Andreas Soleiman

I am currently a research assistant at Uppsala University where I work on low-power mobile networking and visible light sensing systems under the supervision of Dr. Ambuj Varshney. I have a Masters' degree in Engineering Physics from Uppsala University, which is oriented towards embedded systems and machine learning.

I am interested in developing sustainable networked embedded systems to allow for future large-scale deployment of IoT devices. My current work is focused on desgning small and low-power sensors from the bottom-up. This includes hardware design, signal processing, and the usage of machine learning to infer physical activity from sensor data.

I am currently on the lookout for new and exciting research opportunities!

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Recent news
  • Our recent work on the design of a low power communication mechanism for self-sustaining sensors is accepted as a full paper at ACM MobiCom 2019!
  • Our work on battery-free utensils has been featured by the largest electronic newspaper in Sweden
  • Poster and demonstration was accepted at ACM MobiSys 2019
  • Invited to serve as PC member of the ACM S3 2019 workshop, held in conjunction with ACM MobiCom 2019
Awards and honors
  • Selected to attend the Rising Stars Forum of ACM MobiSys 2019
  • Selected for the Cornell, Maryland, Max Planck Pre-Doctoral Research School 2018
  • Best Demo Award, ACM WiSec 2018
  • Best Paper Award, ACM VLCS 2017, held in conjunction with ACM MobiCom 2017
  • Winner of the Student Research Competition at ACM MobiCom 2017
Hardware designs


Research activities
TunnelScatter: Low Power Communication for Sensor Tags using Tunnel Diodes
Ambuj Varshney, Andreas Soleiman, Thiemo Voigt
ACM MobiCom 2019, Los Cabos, Mexico .

Due to extremely low power consumption, backscatter has become the transmission mechanism of choice for battery-free devices that operate on harvested energy. However, a limitation of recent backscatter systems is that the communication range scales with the strength of the ambient carrier signal (ACS). This means that to achieve a long range, a backscatter tag needs to reflect a strong ACS, which in practice means that it needs to be close to an ACS emitter. We present TunnelScatter, a mechanism that overcomes this limitation. TunnelScatter uses a tunnel diode-based radio frequency oscillator to enable transmissions when there is no ACS, and the same oscillator as a reflection amplifier to support backscatter transmissions when the ACS is weak. Our results show that even without an ACS, TunnelScatter is able to transmit through several walls covering a distance of 18 meters while consuming a peak biasing power of 57 microwatts. Based on TunnelScatter, we design battery-free sensor tags, called TunnelTags, that can sense physical phenomena and transmit them using the TunnelScatter mechanism.

Enabling the Next Generation of Wireless Sensors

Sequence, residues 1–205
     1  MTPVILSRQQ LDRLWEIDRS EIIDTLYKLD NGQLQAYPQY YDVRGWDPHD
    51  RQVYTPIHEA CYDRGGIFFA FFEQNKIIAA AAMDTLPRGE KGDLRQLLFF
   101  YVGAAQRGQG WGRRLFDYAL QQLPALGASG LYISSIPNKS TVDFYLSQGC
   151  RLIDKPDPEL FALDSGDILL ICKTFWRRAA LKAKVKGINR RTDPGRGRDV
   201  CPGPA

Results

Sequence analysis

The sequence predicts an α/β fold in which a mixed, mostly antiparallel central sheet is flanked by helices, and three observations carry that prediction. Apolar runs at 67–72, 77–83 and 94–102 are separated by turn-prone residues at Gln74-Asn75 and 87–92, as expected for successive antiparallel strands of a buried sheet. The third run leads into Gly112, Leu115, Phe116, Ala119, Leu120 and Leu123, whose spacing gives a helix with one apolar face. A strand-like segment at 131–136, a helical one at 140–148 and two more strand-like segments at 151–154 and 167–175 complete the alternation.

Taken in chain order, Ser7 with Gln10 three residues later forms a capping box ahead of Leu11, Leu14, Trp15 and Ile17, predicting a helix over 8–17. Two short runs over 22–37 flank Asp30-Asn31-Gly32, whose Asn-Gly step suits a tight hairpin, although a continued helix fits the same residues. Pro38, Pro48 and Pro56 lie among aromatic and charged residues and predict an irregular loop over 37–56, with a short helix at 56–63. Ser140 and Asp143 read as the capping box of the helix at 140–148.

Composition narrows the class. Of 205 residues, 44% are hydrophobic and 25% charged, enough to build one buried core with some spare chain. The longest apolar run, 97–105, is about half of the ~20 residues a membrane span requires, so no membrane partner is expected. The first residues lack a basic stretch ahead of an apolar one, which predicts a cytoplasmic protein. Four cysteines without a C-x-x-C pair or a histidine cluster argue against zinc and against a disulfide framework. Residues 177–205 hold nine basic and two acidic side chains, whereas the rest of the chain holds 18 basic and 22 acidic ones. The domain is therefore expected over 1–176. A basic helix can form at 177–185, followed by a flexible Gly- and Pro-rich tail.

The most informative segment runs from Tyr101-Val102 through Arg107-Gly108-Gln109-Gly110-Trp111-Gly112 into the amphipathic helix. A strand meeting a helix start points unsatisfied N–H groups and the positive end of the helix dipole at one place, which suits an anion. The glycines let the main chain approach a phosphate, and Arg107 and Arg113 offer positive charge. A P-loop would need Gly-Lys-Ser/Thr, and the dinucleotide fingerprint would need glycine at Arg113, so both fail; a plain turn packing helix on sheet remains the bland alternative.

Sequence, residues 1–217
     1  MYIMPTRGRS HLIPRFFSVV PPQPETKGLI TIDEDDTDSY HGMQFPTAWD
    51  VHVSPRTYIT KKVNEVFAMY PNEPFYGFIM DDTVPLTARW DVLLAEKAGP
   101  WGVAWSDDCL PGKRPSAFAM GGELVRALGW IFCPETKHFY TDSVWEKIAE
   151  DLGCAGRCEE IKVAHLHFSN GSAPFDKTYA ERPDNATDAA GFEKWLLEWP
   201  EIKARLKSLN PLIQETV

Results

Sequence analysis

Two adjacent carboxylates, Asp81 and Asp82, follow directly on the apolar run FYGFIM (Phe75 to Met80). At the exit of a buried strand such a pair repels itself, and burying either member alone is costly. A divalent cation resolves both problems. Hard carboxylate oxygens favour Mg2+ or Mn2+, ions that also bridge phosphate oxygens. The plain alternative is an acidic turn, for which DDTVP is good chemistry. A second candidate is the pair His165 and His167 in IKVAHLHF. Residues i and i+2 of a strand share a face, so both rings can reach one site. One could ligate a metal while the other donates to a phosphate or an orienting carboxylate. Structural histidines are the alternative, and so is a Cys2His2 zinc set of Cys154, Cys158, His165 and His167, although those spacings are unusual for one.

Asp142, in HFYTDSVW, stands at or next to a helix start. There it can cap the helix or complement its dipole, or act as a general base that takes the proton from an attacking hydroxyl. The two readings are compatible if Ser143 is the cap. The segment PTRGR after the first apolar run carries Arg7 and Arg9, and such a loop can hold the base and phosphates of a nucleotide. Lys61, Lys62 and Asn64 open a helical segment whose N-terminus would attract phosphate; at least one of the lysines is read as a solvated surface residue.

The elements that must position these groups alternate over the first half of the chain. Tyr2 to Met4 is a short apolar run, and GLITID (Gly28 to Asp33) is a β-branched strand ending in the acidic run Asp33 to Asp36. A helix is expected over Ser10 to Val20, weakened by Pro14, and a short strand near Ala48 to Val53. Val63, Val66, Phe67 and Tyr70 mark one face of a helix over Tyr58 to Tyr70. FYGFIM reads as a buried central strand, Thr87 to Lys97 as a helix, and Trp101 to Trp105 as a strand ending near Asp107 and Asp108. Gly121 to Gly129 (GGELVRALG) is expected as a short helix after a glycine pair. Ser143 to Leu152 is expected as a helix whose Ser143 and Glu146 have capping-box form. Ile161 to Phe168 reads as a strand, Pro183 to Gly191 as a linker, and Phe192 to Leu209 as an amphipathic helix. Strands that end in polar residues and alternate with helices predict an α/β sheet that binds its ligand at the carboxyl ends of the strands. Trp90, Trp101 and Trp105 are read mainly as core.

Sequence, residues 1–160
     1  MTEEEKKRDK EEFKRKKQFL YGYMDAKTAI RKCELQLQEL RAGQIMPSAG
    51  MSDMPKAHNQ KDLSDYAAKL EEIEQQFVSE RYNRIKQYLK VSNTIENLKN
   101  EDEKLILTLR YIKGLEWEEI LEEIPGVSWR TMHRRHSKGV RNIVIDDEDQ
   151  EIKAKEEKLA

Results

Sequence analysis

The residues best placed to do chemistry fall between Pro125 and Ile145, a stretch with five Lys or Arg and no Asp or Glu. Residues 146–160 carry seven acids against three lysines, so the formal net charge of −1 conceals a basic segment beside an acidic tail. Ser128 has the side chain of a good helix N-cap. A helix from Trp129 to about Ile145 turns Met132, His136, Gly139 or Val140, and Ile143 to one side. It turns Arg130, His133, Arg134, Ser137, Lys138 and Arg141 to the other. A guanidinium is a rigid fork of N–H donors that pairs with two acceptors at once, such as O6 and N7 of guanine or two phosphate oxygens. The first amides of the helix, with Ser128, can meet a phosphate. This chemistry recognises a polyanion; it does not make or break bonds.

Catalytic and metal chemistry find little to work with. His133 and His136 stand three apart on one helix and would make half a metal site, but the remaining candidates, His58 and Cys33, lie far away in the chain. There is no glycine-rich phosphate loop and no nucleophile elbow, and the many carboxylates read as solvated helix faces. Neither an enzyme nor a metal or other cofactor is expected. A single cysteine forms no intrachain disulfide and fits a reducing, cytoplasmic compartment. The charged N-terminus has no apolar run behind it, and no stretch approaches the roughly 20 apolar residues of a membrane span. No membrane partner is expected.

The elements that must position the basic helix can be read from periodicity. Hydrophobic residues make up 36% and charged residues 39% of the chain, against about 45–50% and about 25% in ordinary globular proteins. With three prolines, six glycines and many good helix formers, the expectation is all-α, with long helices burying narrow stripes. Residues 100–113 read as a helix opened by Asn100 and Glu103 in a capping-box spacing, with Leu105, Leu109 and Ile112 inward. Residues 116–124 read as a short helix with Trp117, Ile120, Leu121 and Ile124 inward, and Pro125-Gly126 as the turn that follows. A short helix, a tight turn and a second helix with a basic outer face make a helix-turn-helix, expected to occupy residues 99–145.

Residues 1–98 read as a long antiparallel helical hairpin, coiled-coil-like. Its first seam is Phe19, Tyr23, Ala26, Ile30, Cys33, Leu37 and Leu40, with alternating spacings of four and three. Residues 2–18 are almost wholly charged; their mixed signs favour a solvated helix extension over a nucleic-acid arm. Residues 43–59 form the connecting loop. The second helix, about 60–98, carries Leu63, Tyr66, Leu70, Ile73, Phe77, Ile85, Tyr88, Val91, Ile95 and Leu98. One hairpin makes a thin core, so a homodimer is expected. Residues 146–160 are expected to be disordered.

Andreas Soleiman
Rising Stars Forum of ACM MobiSys 2019, Seoul, South Korea .

In this early-stage work, we propose various solutions to enable the next generation of wireless sensors. Our vision is to introduce battery-free wireless sensors that can be deployed ubiquitously. Such sensors would have the ability to both infer the physical environment, and communicate the sensed information wirelessly. In particular, we explore the emerging research directions of ambient and analog RF backscatter for communication, and visible light for sensing. We combine these concepts with energy harvesting to achieve self-powered operation. Furthermore, we introduce novel mechanisms that eliminate sensor-local computational blocks, and instead couple sensors directly to ultra-low power communication modules to transmit sensor information. Our initial results show that we are able to achieve operation of both sensing and communication at a few microwatts of power. Moreover, we can maintain a sufficiently high sensing resolution to enable novel battery-free applications such as hand gesture sensing and intrusion detection.

Poster: Towards Backscatter-enabled Networked Utensils
Andreas Soleiman, Ambuj Varshney,
ACM MobiSys 2019, Seoul, South Korea .

Backscatter communication enables wireless transmissions at orders of magnitude lower power consumption when compared to conventional radio transceivers. This introduces novel opportunities for battery-free and ubiquitous sensing. We take advantage of backscatter communication to enable networked utensils. We imagine a scenario where such utensils can provide essential information about the state of the food or the beverage; for instance, the temperature or the quality of food contained in the utensils. We propose flex sensors, to achieve this capability, by augmenting utensils with flexible and inexpensive battery-free sensors that can communicate wirelessly. We demonstrate our efforts by designing a smart cup that tracks the temperature of beverage.